Saturday, March 23, 2013
One of the worst days
Another gorgeous Pacifica day; clear blue skies, slight breeze, wonderful ocean with mist rising into the air; I love living here. I had my plan: Chinese consulate to renew my visa, stop at Costco for gas and a few items, doctor’s office, then to the mall to conduct a mystery shop for dinner.
I left a little later than planned, so I felt rushed to get to the consulate before they closed. Traffic was heavy, like it was nearing rush hour, but it was only 1:20. I found a parking spot only 2 blocks from the consulate, which was good for the part of the city I was in. It was now ten to two and the sign stated no parking from 11-2. There were many other cars parked, so I thought I’d take my chance, but no need to worry. I got half a block and suddenly I realized I didn’t recall grabbing my passport. I checked my pockets and the contents of the envelope in which I had placed my application. Nothing. All that way, all that traffic, for nothing. Back to the car in shame.
Because of the traffic, I decided to go back a different route, which did seem better. I found a good parking spot at Costco and as I grabbed my wallet to show my membership ID, I realized I DID have my passport. Now I was really kicking myself. How could I have not realized I actually had it on me? Why didn’t I feel it when I searched my pockets? And the whole drive back south I was racking my brain on where I had put it the night before after making the required copies for the application. I just couldn’t remember.
My brain has been on vacation for a while. It was very bad after my illness in November of 2009. It’s been a long, slow process of healing and feeling like I’m on top of things again. A few weeks ago, I nearly missed my first trip back to work after thinking it was on a Sunday, when it was actually on a Saturday. I still don’t know how I did that. Now this.
I felt bad and a bit worried about myself so I called Mom and told her. She laughed, saying she does things like this all the time. I hear that a lot, when explaining odd things I have done in my recovery. But I was never like this. Mom used to always tell me what a great memory I had. I graduated in the top 10% of my class. I’m a smart person. Or I used to be.
I told Mom I was in Costco to get some mouthwash. I also needed to buy ink for my printer, cash my annual cash back check and stop for gas. I walked around as I talked to Mom and got a few food samples. I found the mouthwash and got in line. Before leaving, I thought I’d treat myself to a mocha freeze. I pulled out of the parking lot to head to the doctor’s office, not half a mile away. I still had 20 minutes, so I parked in the garage with a view of San Bruno Mountain and texted a friend of mine, who I knew would enjoy hearing of my time with trying to renew my visa. He did laugh.
As I sat in the waiting room, I realized I had left Costco without getting ink or cashing my check. Now I was really feeling stupid. I was also feeling quite tired and while I waited to see the doctor about my sleep apnea, I wondered if there isn’t something more seriously wrong than just, well, “I do things like that all the time, it’s normal.”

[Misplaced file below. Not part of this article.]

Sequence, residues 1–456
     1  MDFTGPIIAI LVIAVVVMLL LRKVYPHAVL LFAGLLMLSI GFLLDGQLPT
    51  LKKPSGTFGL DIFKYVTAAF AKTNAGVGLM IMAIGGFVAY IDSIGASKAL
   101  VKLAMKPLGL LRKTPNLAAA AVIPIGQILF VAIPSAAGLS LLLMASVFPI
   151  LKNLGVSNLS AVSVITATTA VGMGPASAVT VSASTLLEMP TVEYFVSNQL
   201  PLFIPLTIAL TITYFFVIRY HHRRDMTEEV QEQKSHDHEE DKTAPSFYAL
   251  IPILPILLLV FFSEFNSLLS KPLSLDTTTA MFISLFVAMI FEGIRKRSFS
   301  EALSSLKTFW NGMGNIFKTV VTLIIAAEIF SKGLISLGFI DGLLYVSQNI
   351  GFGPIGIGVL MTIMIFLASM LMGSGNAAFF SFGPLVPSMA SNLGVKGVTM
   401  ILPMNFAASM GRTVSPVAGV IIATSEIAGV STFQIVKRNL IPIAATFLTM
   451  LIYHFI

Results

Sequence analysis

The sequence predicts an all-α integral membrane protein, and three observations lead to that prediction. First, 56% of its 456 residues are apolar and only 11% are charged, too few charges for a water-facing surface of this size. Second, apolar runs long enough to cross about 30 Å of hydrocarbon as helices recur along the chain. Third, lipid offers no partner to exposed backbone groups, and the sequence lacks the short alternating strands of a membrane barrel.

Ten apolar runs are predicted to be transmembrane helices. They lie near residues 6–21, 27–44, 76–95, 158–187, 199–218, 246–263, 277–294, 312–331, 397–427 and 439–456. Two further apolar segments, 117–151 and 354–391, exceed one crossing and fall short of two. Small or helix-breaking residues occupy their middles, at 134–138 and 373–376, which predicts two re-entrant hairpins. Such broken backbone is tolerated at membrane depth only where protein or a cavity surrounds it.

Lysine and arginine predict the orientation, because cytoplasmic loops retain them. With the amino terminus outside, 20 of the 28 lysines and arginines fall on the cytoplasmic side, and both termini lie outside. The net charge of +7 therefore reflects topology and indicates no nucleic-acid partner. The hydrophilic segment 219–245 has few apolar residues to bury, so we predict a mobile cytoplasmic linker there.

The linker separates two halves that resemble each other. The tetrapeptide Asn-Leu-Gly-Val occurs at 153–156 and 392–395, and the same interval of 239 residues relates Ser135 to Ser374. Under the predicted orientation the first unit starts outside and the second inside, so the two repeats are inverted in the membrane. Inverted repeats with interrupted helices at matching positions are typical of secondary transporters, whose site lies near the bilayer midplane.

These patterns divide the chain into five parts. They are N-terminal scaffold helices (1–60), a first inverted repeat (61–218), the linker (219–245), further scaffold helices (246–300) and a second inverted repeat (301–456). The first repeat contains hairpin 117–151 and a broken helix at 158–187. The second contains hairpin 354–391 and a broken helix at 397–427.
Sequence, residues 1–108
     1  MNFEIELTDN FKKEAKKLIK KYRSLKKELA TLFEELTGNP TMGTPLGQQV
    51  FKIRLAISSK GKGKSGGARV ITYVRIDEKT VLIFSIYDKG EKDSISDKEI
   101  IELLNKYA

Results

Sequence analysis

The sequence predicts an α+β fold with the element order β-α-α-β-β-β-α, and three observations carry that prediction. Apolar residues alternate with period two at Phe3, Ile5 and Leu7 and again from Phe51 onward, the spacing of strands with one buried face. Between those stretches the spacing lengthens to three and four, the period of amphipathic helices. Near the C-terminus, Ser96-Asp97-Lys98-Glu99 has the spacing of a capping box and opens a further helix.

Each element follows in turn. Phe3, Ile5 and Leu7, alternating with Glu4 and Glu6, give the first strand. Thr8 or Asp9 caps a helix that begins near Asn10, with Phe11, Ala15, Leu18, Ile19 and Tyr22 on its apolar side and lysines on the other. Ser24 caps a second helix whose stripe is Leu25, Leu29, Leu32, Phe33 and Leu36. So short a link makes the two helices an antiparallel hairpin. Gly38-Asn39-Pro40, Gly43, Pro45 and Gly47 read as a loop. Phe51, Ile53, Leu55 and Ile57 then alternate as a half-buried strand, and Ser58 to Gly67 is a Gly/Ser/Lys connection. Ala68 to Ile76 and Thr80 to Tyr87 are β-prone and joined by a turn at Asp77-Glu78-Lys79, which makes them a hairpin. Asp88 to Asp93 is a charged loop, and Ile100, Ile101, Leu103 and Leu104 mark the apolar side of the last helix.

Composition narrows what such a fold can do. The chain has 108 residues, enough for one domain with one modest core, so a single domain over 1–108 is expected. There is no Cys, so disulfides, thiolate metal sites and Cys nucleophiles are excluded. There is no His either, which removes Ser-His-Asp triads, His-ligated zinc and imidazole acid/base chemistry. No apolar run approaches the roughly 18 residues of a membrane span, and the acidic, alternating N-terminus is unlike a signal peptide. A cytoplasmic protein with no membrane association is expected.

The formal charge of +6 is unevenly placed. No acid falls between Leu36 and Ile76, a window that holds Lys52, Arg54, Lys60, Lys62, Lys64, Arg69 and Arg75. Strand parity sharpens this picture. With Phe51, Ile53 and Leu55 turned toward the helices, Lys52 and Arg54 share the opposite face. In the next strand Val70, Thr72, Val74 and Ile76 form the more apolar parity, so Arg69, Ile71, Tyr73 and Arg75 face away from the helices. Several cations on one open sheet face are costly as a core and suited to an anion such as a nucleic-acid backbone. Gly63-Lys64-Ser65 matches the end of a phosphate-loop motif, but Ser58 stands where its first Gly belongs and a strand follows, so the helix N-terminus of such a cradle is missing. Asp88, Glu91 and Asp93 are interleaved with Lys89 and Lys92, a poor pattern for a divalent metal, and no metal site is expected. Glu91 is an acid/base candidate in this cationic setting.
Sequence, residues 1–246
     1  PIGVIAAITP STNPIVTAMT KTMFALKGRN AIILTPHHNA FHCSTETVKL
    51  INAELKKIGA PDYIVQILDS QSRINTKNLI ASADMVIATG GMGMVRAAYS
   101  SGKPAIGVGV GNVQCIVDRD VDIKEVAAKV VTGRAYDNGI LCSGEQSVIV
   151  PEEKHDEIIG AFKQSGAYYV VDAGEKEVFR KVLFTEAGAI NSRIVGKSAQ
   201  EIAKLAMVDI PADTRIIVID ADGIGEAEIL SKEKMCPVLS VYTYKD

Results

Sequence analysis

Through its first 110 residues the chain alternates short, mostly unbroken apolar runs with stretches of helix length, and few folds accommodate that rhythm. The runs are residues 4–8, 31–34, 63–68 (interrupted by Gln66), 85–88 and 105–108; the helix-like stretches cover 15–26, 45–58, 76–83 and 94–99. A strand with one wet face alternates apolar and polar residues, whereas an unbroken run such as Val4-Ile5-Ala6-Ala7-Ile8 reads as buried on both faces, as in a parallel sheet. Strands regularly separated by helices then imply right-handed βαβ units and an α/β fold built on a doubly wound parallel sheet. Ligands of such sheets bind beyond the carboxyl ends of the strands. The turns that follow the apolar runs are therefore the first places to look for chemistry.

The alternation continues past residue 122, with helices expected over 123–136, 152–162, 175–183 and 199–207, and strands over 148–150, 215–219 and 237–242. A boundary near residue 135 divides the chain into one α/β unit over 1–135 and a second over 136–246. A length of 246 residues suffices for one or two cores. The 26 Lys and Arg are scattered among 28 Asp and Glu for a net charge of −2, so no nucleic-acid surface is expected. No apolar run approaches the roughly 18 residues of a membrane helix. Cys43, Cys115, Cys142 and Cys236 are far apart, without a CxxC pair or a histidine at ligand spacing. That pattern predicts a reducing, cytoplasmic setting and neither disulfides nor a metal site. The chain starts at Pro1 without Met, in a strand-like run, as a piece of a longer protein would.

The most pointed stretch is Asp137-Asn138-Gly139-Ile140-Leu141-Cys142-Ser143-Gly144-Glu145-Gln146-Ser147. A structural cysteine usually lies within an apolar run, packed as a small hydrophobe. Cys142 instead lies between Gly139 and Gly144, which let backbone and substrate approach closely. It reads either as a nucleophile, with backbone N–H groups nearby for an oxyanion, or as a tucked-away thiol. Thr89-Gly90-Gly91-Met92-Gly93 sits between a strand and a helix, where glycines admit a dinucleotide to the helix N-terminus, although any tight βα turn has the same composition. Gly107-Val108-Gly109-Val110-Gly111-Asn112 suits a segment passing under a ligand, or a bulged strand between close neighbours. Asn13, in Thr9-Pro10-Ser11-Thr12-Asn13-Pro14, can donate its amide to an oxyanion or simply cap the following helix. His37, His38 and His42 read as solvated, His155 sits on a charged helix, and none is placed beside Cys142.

Things checked out OK at the doctor’s. My next stop was the mall. My assignment there was to have dinner at Five Guys to evaluate customer service and timing. I had also received in the mail a week prior a post card from the mall. Turn it in to receive a gold egg and maybe inside will be a $500 prize. Taking a better look at it, I now realized I was in the wrong mall. It was the right mall for the assignment, but the prize was another mall entirely. Not sure how I didn’t realize that, either.
On the way home, with my failed day still going through my head, I thought about how I now am constantly worrying myself. When I leave for errands, when I leave a hotel room after a layover, when I board a plane or walk into the briefing room before a flight, I’m always feeling like I’m forgetting something. I take careful notes on what time I have to be places and what things I need to take. For weeks I’ve been forgetting to buy aspirin. Last week I went to cook meals for the pilots, turning on the oven without placing the meals in them. It caused me to overcook the meals for the passengers. I think now know what it feels like to be 80! And it’s scary as hell. This constant feeling like I’m forgetting something is stressful. What if I forget something important, like arming doors for takeoff?
As I drove down Highway 1 towards home I enjoyed the view of the Pacific Ocean as the sun neared the horizon. The sky was clear and there was now enough mist over the ocean that it rose quite high and created a haze as I looked out to the ocean. The breeze blew this haze on shore to where it nudged into the hills and gave way to the blue sky above. The light on my gas gauge came on. I had forgotten to get gas at Costco. God damn it.